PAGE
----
Evaluation of the SCALED (SCaling AcceptabLE cDs) Approach for the Implementation of Interoperable CDS for Venous Thromboembolism Prevention is a nearly $3 million dollar R18 grant scheduled to start August 2022 that involves several CLHSS faculty including Principal Investigators: Chris Tignanelli, Genevieve Melton-Meaux; Co-Investigators: Mary Butler, Nate Shippee.
There is a global emphasis and critical need to close the patient-centered outcomes research (PCOR) evidence to practice gap. Forty percent of patients do not receive evidence-based practice, 20% receive unnecessary or potentially harmful care, and sadly, the list continues. We believe interoperable clinical decision support (CDS) is an indispensable solution to help close this gap; however, poor design, lack of interoperability, and implementation barriers hinder broad adoption.
At the University of Minnesota, we have extensive experience implementing and scaling user-centered CDS systems, with over 20 use cases scaled each year. Importantly, we have developed and implemented both interoperable and federally-funded CDS systems. Our healthcare system leverages a rigorous approach, SCALED (SCaling AcceptabLE cDs), to guide CDS scaling across the system. But, the current climate of each healthcare system developing “home-grown” CDS for the exact same guidelines is not tenable. Building capabilities to rapidly translate PCOR to the bedside at scale and share interoperable CDS routinely with an updated knowledge base (living evidence synthesis) is necessary. Our upcoming project will adapt a currently deployed CDS system to deliver a venous thromboembolism (VTE) prevention guideline for adult patients with traumatic brain injury (TBI). We believe this is an ideal PCOR use case given PCORI’s continued effort to combat VTE in trauma and our experience previously implementing this guideline to prevent inpatient COVID-19 VTE.
Our overall goal is to successfully scale, evaluate, and maintain an interoperable TBI CDS across our 4-institution collaborative network. We will conduct a Hybrid Type 2 randomized stepped wedge effectiveness-implementation trial to scale the CDS across 4 heterogeneous healthcare systems. Trial outcomes will be assessed and we will seek to understand variation across each site. We will evaluate implementation processes across trial sites guided by the EPIS implementation framework (determinant framework) using mixed-methods. Finally, it is critical that PCOR CPGs are maintained as evidence evolves. To date an accepted process for evidence maintenance does not exist. We will also pilot a “Living Guideline” process model for the VTE prevention CDS systems.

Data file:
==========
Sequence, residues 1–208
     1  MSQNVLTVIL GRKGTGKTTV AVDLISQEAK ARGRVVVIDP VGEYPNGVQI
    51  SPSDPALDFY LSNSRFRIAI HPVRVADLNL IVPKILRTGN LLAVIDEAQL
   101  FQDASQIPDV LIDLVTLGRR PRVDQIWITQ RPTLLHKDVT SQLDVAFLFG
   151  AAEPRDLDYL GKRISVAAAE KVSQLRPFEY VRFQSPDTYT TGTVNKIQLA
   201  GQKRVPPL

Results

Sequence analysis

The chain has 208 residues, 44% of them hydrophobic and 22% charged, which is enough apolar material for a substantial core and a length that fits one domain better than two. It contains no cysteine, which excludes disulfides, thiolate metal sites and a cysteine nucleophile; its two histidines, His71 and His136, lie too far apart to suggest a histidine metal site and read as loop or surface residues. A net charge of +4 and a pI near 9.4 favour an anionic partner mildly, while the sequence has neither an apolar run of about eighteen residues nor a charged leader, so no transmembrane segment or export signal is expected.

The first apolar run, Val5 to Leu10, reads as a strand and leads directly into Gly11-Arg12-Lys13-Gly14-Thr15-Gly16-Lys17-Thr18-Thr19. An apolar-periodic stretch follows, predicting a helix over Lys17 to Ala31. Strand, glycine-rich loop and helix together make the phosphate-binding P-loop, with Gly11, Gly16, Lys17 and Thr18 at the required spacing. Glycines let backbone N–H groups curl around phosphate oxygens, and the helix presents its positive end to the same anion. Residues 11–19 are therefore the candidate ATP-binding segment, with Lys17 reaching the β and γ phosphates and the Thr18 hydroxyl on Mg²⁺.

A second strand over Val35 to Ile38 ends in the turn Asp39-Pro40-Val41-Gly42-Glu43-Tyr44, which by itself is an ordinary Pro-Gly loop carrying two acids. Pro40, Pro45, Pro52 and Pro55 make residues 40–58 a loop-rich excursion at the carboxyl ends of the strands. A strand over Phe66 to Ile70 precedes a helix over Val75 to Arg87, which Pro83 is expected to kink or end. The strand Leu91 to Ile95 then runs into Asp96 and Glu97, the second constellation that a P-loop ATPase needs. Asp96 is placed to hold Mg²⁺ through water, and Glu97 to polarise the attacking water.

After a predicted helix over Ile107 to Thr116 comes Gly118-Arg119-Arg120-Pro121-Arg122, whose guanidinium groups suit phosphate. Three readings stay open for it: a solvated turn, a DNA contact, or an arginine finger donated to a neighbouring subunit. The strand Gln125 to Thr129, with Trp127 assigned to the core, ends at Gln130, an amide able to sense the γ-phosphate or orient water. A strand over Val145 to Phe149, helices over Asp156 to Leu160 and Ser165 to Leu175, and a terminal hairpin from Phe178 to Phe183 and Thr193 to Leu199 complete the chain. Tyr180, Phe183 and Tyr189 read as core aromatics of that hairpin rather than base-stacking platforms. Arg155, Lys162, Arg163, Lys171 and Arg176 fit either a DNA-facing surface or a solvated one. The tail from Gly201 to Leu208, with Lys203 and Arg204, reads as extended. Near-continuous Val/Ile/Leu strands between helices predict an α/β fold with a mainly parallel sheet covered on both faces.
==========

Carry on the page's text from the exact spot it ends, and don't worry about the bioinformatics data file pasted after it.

Our long-term vision is to make integration of clinical decision support (CDS) systems into electronic health records (EHR) akin to downloading “Angry Birds” on any cell phone platform. Similar to installing an update when a new “Angry Birds” patch is released, one would maintain the CDS centrally as evidence-based practices evolve. Similar to the tutorial educating players on how to play “Angry Birds”, organizations would utilize a validated “playbook” to train staff and implement the CDS system. This would facilitate the rapid scaling of CDS systems designed to implement patient-centered outcomes research (PCOR) evidence-based practices within EHRs. We believe this project represents an achievable step towards this vision.